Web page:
“There’s some research a colleague [George B. Cunningham] out of Texas A&M has done, and he’s partnered with some folks at the University of Massachusetts. They’ve looked specifically at intercollegiate athletic departments who have intentional inclusion strategies. Athletic departments that have specific and intentional inclusion strategies for coaches and administrators actually perform better in almost every metric,” Tingle said. “So not only are there kind of quasi-superficial metrics of ‘are you winning more games?’, but ‘are you graduating athletes on time?’, ‘[do] your athletes have high GPAs?’, ‘are your athletes engaging in other areas of campus life?’”
However, these strategies are mainly focused on student-athletes and rarely consider the need for inclusion when it comes to coaching staff and sports officials. Having intentional strategies to include women in athletics, like creating equitable policies and eliminating gendered microaggressions, could potentially keep more women in the professions of coaching and sports officiating.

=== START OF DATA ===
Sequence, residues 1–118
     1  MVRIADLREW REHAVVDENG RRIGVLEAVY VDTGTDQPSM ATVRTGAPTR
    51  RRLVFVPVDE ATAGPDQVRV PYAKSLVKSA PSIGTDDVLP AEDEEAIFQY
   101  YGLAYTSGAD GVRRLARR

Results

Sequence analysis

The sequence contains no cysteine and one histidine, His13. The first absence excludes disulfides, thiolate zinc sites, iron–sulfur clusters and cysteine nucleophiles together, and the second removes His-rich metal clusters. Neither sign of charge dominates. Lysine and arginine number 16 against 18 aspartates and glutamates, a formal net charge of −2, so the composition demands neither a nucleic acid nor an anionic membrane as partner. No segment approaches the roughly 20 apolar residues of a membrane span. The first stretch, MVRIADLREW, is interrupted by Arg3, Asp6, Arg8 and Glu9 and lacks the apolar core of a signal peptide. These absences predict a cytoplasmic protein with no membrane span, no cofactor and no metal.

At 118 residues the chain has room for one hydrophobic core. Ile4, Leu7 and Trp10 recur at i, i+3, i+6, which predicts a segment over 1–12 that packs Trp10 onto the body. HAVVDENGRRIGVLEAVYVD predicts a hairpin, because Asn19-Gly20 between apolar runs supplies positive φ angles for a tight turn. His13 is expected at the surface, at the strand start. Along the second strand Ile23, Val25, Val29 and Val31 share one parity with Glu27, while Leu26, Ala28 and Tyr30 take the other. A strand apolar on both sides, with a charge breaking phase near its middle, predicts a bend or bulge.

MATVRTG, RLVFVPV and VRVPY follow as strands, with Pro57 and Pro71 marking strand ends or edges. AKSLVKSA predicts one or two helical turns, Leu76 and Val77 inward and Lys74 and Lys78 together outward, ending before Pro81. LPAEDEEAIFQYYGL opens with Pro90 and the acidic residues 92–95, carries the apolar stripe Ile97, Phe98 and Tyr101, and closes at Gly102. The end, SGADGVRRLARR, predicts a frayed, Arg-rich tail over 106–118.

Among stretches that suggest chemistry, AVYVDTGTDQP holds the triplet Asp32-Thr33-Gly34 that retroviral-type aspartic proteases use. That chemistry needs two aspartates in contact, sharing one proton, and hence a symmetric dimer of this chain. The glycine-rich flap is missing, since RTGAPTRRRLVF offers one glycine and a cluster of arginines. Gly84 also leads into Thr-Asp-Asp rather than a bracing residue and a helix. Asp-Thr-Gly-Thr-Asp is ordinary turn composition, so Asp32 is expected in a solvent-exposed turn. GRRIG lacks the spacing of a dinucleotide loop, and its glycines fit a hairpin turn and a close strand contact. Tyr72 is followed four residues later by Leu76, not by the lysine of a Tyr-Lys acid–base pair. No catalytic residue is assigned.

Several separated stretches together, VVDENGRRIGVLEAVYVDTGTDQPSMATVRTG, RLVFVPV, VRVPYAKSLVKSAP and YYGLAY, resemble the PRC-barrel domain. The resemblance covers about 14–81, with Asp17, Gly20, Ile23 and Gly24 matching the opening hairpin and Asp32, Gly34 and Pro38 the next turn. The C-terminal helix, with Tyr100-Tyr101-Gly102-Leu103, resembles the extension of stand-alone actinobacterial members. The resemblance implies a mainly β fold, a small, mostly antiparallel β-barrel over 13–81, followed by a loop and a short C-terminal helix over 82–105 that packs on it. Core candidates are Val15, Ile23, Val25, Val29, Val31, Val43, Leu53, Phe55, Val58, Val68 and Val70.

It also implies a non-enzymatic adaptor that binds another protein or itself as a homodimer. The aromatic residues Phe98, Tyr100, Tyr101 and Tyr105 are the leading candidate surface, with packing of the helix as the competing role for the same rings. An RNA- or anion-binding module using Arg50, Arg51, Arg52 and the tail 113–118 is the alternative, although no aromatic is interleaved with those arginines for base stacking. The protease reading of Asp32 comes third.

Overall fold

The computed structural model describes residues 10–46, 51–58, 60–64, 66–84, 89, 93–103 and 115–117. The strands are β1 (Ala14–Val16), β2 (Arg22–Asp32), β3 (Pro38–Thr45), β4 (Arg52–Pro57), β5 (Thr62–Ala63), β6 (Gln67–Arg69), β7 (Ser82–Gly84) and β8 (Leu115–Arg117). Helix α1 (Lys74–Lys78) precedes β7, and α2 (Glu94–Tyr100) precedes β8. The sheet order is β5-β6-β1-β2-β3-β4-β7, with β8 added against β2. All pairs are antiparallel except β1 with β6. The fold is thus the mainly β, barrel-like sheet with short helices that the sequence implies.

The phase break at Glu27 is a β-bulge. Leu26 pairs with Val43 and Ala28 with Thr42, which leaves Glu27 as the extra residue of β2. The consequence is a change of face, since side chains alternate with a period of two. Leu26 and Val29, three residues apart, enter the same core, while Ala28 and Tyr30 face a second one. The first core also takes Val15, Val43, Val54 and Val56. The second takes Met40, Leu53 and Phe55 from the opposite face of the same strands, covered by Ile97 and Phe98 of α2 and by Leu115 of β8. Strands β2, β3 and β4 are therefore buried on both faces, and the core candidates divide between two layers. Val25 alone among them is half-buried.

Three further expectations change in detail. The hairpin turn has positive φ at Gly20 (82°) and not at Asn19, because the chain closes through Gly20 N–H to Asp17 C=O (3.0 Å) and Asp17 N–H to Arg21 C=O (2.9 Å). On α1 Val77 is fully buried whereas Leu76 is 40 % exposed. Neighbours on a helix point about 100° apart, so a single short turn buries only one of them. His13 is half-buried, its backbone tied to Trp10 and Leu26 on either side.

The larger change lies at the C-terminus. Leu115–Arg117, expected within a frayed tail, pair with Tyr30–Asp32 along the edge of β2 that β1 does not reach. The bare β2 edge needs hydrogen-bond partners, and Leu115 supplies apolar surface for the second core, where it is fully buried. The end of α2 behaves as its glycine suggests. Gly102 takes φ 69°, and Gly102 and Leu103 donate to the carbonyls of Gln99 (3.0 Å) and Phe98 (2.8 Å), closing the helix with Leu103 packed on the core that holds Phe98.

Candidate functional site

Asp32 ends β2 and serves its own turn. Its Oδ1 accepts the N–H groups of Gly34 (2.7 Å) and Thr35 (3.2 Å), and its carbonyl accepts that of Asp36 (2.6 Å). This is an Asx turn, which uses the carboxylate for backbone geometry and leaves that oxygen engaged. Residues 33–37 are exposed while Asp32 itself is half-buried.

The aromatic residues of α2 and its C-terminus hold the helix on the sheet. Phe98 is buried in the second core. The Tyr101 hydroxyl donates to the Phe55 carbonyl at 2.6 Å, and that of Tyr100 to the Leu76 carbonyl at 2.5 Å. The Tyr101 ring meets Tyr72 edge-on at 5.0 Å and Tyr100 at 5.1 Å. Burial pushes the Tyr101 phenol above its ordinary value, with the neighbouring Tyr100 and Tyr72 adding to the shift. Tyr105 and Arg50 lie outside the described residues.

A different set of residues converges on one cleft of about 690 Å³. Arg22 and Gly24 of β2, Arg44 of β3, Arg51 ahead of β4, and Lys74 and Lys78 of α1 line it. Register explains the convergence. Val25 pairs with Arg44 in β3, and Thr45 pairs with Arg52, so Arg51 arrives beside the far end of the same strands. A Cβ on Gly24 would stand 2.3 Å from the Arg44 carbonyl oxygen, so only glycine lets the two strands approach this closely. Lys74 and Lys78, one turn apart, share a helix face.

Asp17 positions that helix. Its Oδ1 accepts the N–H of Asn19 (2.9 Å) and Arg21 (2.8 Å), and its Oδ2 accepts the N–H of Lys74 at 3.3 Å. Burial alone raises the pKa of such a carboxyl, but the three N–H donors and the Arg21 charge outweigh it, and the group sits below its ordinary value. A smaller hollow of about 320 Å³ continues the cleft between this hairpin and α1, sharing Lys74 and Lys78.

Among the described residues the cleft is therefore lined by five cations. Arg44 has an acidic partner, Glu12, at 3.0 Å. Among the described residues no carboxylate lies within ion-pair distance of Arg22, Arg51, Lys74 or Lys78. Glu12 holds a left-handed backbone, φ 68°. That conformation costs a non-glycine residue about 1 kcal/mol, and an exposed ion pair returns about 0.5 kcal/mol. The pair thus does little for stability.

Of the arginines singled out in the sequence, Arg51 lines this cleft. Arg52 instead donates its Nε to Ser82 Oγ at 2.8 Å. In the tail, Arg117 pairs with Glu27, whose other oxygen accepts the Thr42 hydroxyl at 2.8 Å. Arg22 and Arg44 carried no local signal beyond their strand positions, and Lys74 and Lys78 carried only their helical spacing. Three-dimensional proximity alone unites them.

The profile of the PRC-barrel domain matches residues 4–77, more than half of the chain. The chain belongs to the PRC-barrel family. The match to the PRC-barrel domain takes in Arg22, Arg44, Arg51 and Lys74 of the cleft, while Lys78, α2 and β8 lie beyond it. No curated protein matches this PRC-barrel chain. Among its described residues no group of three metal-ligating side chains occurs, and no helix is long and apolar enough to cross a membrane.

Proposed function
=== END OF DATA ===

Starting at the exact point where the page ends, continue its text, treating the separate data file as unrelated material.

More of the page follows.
In fact, many of the same factors that lead to women coaches being more likely to quit are the same factors that lead female sports officials to quit.
A 2014 research article focusing on the experiences of former women basketball officials by Tingle, Stacy Warner and Melanie Sartore-Baldwin found four key factors that led to women officials’ decision to quit. Two of these factors — Lack of Mutual Respect and Gendered Abuse—include both repetitive, ambitious disrespect and incivility as well as blatant prejudice and discrimination. Coupled with the other two factors — Perceived Inequity of Policies and Lack of Role Modeling and Mentoring — the officials from the study were left without a community and without support to navigate gender-specific aggressions.
This kind of workplace environment leads to higher levels of stress and anxiety that is detrimental to the mental health of female sports officials. According to Tingle, female sports officials face abuses that negatively impact their mental health that their male counterparts do not.